Has your loved one forgotten who you are?
In the United States, more than five million people are living with Alzheimer’s disease. One of the most recognized aspects of the disease is the impairment of memory and specifically, facial recognition. Often, loved ones are left wondering why this disease causes their relative to forget something that was once so familiar. Although definitive treatments have been elusive, a deeper understanding of the condition has grown significantly in the past few years, and a new study from researchers at the University of Montreal may help answer this question.
The study focused on the way the healthy mind perceives normally presented faces, which is called holistic perception – meaning instead of looking for each feature, the brain takes in the whole picture. In contrast, when a face is inverted, it is much more difficult to interpret, and is responded to more slowly.
“The difference in response time and accuracy between upright and inverted faces is termed the face inversion effect. Interestingly, such an effect is not seen when examining upright and inverted pictures of other objects, likely reflecting the intrinsic importance of face processing to our socialization and survival,” explains Dr. Darren Gitelman, senior medical director at the Advocate Memory Center in Park Ridge, Ill. “In patients with Alzheimer’s disease (AD), it has been unclear whether changes in face processing are specific to faces or reflect a deeper underlying perceptual defect.”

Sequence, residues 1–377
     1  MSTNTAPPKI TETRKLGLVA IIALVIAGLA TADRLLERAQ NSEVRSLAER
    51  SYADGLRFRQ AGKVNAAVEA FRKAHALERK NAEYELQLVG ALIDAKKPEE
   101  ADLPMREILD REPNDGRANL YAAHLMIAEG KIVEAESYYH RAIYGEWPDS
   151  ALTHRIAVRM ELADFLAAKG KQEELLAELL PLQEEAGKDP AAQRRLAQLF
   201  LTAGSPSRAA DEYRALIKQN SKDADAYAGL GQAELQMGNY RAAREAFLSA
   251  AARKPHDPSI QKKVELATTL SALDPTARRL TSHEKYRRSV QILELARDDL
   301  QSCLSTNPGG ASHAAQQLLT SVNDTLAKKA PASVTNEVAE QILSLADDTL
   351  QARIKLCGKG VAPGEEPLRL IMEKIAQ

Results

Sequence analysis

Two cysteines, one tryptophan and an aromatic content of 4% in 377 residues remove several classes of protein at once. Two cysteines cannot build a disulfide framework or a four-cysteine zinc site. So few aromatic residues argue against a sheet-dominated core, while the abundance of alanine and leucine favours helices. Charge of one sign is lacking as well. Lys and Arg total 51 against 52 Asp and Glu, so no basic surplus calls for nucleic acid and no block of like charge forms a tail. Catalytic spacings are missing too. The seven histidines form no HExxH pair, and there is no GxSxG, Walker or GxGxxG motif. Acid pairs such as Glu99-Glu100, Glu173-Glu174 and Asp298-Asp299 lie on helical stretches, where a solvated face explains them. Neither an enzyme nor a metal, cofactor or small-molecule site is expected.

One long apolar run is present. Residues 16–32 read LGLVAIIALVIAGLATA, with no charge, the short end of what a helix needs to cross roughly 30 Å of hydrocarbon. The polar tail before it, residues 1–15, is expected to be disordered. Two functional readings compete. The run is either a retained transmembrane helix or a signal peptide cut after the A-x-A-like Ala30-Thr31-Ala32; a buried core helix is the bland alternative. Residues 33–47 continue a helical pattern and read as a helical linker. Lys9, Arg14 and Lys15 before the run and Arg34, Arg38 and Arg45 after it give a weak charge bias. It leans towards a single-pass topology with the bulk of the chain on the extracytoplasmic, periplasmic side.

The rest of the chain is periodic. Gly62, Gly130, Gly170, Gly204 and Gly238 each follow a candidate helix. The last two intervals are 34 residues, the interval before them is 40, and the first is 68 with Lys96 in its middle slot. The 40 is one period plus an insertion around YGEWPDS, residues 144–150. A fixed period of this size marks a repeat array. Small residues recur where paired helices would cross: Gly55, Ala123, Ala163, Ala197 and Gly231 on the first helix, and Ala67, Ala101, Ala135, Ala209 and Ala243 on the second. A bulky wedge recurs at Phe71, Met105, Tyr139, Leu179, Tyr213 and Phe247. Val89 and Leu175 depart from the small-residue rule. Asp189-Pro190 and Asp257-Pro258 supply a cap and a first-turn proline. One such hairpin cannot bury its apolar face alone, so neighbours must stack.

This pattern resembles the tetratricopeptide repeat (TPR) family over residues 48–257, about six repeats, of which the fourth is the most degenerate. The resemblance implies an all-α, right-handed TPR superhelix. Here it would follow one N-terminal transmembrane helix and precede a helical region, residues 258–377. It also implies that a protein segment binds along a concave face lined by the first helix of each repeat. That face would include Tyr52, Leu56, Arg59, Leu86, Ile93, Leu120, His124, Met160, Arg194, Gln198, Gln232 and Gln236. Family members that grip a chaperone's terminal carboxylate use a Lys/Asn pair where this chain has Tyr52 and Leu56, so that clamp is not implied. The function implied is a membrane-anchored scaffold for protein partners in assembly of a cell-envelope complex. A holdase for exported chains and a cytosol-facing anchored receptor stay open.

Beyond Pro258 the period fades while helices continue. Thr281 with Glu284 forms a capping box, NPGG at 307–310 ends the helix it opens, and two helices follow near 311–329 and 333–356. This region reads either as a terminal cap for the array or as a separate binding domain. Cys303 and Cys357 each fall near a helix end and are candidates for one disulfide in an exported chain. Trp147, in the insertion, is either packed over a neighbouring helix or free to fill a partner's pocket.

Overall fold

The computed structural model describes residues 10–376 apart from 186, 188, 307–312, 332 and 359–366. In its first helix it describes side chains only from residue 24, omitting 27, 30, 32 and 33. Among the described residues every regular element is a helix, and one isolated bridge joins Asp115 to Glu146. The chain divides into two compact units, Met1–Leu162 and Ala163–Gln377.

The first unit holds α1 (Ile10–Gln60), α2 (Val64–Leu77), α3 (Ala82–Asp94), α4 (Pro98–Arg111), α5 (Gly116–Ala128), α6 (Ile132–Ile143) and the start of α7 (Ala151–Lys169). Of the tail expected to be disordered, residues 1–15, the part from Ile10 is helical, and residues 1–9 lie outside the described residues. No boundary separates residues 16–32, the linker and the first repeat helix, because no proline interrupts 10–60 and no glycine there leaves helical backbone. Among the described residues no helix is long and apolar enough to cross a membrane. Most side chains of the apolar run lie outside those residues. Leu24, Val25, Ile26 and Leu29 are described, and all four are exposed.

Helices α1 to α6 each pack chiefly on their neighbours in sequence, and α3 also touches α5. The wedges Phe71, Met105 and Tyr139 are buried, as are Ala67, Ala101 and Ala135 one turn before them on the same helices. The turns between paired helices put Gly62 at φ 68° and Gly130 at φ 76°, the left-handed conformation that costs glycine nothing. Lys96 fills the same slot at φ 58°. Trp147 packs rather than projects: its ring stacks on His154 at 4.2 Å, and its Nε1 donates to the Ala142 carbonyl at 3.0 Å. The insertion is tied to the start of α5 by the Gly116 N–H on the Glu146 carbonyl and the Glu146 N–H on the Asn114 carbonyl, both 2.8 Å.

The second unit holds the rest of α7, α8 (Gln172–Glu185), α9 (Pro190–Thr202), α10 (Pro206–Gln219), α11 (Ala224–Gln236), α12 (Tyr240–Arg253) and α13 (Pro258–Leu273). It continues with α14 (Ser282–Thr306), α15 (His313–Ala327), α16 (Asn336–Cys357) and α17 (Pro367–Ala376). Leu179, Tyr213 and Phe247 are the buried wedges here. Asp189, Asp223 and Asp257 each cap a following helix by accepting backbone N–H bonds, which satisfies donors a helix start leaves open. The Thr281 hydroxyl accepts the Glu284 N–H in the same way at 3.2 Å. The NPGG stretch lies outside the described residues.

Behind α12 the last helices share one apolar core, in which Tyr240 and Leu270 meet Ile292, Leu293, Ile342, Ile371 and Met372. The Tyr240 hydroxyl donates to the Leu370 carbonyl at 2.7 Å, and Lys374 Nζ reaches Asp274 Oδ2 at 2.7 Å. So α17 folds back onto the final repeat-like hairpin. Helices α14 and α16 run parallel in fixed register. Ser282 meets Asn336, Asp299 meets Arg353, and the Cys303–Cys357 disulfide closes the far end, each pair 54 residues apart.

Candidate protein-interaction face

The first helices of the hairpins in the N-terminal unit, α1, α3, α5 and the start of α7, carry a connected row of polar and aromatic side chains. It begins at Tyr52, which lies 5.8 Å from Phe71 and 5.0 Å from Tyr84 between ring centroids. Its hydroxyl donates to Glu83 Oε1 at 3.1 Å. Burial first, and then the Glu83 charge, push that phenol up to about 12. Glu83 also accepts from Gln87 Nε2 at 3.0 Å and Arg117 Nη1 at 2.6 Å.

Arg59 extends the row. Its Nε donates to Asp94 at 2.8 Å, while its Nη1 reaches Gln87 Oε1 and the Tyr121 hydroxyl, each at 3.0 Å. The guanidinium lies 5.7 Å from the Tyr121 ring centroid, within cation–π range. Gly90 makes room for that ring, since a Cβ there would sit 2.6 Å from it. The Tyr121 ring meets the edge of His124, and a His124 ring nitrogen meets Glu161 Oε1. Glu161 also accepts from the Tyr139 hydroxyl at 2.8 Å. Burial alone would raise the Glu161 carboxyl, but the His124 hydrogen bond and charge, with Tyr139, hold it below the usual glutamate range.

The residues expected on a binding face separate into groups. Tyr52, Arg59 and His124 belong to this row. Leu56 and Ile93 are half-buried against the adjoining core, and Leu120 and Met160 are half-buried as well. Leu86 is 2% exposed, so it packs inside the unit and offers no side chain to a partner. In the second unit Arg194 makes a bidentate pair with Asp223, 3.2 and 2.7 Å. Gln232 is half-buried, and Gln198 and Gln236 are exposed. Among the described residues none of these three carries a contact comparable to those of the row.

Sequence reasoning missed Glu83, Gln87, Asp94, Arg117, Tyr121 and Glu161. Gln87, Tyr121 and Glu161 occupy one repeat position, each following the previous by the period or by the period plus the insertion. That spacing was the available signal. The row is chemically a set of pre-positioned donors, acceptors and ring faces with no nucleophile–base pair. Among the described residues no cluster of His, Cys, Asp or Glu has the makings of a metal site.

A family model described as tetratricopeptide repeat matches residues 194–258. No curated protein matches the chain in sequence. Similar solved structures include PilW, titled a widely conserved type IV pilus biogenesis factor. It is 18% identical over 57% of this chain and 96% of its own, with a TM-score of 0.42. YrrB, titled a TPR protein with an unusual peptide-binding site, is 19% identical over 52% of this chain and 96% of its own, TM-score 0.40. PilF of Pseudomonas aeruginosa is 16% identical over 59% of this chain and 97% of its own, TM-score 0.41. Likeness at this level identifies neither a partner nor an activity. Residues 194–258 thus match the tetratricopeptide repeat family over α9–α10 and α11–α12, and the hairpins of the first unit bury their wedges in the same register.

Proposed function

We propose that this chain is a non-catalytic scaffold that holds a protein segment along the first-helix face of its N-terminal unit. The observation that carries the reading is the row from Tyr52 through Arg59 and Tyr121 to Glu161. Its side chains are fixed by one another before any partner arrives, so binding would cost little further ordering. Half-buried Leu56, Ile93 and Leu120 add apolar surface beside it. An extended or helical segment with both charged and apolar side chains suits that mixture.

To test whether AD patients experienced visual perception differently, researchers worked with two groups: one, a group of actual AD patients, and the other, a controlled group of healthy individuals. All subjects were shown the same images: photographs of cars and faces, some upright and some upside down.
The study demonstrated that both groups, AD patients and healthy elderly individuals, showed relatively equivalent performances for upright versus inverted cars, although AD patients were slower overall.
“This finding suggests that basic visual perception was functioning in AD patients, albeit at a reduced level,” says Dr. Gitelman. “However, there was a striking difference in performance on upright and inverted faces, with healthy elderly participants performing much better when viewing upright than inverted faces, while AD patients showed equivalent reduced performance with both pictures. Thus, AD patients had developed an impairment in the specific visual processes related to face perception.”
The findings of this research confirm that the disease hinders the inherent processing abilities of the mind when it comes to facial recognition, which causes patients to have difficulty recognizing both familiar and famous faces. The study suggests that new methods could be developed in the clinic to identify this problem and perhaps help to develop treatments or strategies to diminish its effects.